Executive Officer at Women Deliver

first_imgPosted on February 9, 2011November 13, 2014Click to share on Facebook (Opens in new window)Click to share on Twitter (Opens in new window)Click to share on LinkedIn (Opens in new window)Click to share on Reddit (Opens in new window)Click to email this to a friend (Opens in new window)Click to print (Opens in new window)Summary: Women Deliver is an advocacy organization focused on solutions to improve the health of girls and women – long-term and short-term – at the national, regional, and global levels. The position of Executive Officer is second in charge to the President and works closely with the President and staff to achieve Women Deliver objectives. The Executive Officer participates in the overall planning, integration, and oversight of all Women Deliver programs; serves as a resource to all programs; has oversight responsibility in formation of policies, and serves as a key advocate and fundraiser for the organization. This position has a high degree of independence.Reports to: The PresidentEssential Functions:Acts with full-delegated authority on behalf of the President in her absenceIn close coordination with the President is responsible for the development and execution of the organizational goals and operational strategyIn close coordination with the President provides leadership and coordination for fundraising and donor management, business development and partnership activitiesIn close coordination with the President represents the organization to the public, key stakeholders and business partnersIn coordination with the President provides leadership and direction for staff, setting an effective team agenda and ensuring performance goals are set and achievedServes as a mentor, coach and guide to senior staffOther duties as requested by the PresidentFor requirements, more information and how to apply, visit Women Deliver’s Careers page.Share this: ShareEmailPrint To learn more, read:last_img read more

A Month of Contrast, Tragedy, and Drive to Do More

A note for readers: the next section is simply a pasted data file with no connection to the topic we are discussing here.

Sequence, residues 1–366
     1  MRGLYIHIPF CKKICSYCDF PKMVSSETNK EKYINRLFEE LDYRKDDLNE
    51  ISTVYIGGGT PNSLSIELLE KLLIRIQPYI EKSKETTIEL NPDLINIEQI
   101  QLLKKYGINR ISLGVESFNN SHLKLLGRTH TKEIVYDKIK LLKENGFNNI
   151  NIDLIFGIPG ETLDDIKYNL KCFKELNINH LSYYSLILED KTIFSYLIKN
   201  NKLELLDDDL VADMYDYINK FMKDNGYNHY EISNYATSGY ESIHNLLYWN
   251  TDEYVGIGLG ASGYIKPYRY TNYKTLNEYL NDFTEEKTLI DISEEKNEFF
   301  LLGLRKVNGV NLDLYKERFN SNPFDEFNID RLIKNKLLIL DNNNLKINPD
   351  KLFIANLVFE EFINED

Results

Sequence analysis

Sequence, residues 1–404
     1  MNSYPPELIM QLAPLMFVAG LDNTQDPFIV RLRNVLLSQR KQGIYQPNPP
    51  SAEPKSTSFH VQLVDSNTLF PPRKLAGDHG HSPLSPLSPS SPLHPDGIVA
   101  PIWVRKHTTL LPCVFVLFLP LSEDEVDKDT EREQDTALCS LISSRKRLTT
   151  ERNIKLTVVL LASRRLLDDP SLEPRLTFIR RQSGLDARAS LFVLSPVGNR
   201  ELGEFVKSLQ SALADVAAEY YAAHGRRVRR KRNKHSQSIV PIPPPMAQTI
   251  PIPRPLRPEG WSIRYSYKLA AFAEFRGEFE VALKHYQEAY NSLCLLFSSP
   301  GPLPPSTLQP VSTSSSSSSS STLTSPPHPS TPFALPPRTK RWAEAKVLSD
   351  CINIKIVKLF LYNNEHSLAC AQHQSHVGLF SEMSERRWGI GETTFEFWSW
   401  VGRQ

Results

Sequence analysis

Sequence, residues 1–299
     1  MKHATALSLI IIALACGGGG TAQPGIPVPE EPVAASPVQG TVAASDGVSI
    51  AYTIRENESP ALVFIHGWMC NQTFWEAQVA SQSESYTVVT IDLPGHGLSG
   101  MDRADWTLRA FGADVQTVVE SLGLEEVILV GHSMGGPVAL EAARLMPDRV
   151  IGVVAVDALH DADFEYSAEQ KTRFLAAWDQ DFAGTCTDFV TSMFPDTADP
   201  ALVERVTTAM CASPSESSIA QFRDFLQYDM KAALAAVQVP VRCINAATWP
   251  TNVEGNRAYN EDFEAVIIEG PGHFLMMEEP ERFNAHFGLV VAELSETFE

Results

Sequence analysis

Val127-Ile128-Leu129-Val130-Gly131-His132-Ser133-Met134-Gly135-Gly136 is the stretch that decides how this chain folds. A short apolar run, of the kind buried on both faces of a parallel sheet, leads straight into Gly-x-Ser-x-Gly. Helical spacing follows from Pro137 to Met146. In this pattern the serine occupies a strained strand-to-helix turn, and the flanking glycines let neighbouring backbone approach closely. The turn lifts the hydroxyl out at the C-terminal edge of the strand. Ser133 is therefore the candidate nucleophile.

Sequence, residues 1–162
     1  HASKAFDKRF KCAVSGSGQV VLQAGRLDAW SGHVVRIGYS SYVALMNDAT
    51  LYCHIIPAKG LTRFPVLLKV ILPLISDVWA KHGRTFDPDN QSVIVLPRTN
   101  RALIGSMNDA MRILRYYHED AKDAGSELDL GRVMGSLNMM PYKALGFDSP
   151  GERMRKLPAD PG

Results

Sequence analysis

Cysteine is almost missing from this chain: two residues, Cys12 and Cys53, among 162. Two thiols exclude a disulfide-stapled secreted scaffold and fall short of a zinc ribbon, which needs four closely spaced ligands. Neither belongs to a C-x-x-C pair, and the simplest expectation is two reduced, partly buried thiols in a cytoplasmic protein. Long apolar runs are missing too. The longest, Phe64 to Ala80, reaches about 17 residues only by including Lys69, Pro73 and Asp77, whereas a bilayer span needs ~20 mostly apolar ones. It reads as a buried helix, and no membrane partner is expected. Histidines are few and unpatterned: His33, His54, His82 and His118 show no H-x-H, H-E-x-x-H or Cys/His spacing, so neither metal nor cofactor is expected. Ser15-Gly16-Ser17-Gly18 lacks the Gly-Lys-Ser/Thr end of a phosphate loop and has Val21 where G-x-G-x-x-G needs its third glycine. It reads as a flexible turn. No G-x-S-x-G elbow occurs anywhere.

first_img ShareEmailPrint To learn more, read: Posted on May 5, 2011June 20, 2017By: Onikepe Oluwadamilola Owolabi, Young Champion of Maternal HealthClick to share on Facebook (Opens in new window)Click to share on Twitter (Opens in new window)Click to share on LinkedIn (Opens in new window)Click to share on Reddit (Opens in new window)Click to email this to a friend (Opens in new window)Click to print (Opens in new window)This blog post was contributed by Onikepe Oluwadamilola Owolabi, one of the fifteen Young Champions of Maternal Health chosen by Ashoka and the Maternal Health Task Force at EngenderHealth. She will be blogging about her experience every month, and you can learn more about her, the other Young Champions, and the program here.I walked into my cousin’s house at 11pm in the suburbs of London, relieved to be inside a warm place after 2 hours traveling. It was my eighth day away from work in Mumbai, and all my days had been spent in a specialist hospital on the outskirts of London caring for family. Indeed, I hardly had any time to think of the community resource centers in the slums of Mumbai or the data I was collecting. All my energy and attention was focused on something different.As I slumped into the sofa exhausted from three hours of traveling home, my cousin’s first statement was- “….. died yesterday you know”.​ She then proceeded to tell me about one of our other relatives who died in childbirth. With her limited medical knowledge, she felt the case had been mismanaged, and she related the details to me, eventually calling up the deceased’s sister-in-law to clarify the unclear details. I switched into my doctor role, asking as many questions as I could to create a clear picture, and sadly her hunch turned out to be right; it was an extremely avoidable maternal death, one which took place in the city where facilities are available and whose victim was an educated member of a middle class family.Two weeks before this, I heard that a senior colleague of mine from medical school had also died in childbirth, from some of her outraged friends who were trying to investigate what appeared to have been a poorly managed case. As I tried to quell my cousin’s anger for the rest of that night, I mulled over these two incidents. It really hurt to think that two people whom I was somehow connected to died for reasons that can be prevented. My concluding and very simple thought before I slept was that there’s still a lot of work for me to do.A few days later, back in Mumbai and dealing with the extreme change of temperature, I saw my first Holi celebration and continued to work on analyzing data for the sustainability plan. Results show we will need to have in-depth discussions with two of our communities to understand how exactly we can help them continue the maternal health initiative through the community resource centers. Very few of our ideas seem to pique their interests and even though it’s a bit disheartening that we didn’t find a match for what to do yet, it will inform our next steps and how we eventually roll out our entire plan. I also did some preparatory work on developing an emergency obstetric care protocol for different levels of the Mumbai health system. This reminded me of the two women who died and how critical it is to involve the health system in our work to eliminate maternal deaths.This was one month when I was definitely grateful to be a doctor, as my clinical knowledge helped me get through a lot of mental stress and answer a lot of people’s questions. Being able to stand in a hospital’s ICU and understand what is happening to the person you care about the most, while answering innumerable phone calls from close family, speaking to them confidently and knowing their fears are less because you’re there, is a massive responsibility. It’s one I am eternally grateful I was able to do. Furthermore, watching our Wellcome Trust fellow and consultant pediatrician, David, provide voluntary clinical care to our field staff’s children on the last day of this month reminded me of how much I can give to people around me by using my medical skills.March was a month of mixed feelings, but it taught me a lot of things. Spending all that time in the hospital and seeing a public health system function so effectively, coupled with those two heart-wrenching stories, inspired me immensely. It has strengthened my resolve to ensure that I create access for every woman to have a safe delivery, and it has made me more convinced that I want to help make public health ​systems ones in which people (by which I mean every single person around me) can access the highest quality of care, because these are the places where the neediest and most vulnerable people will end up.Share this:last_img read more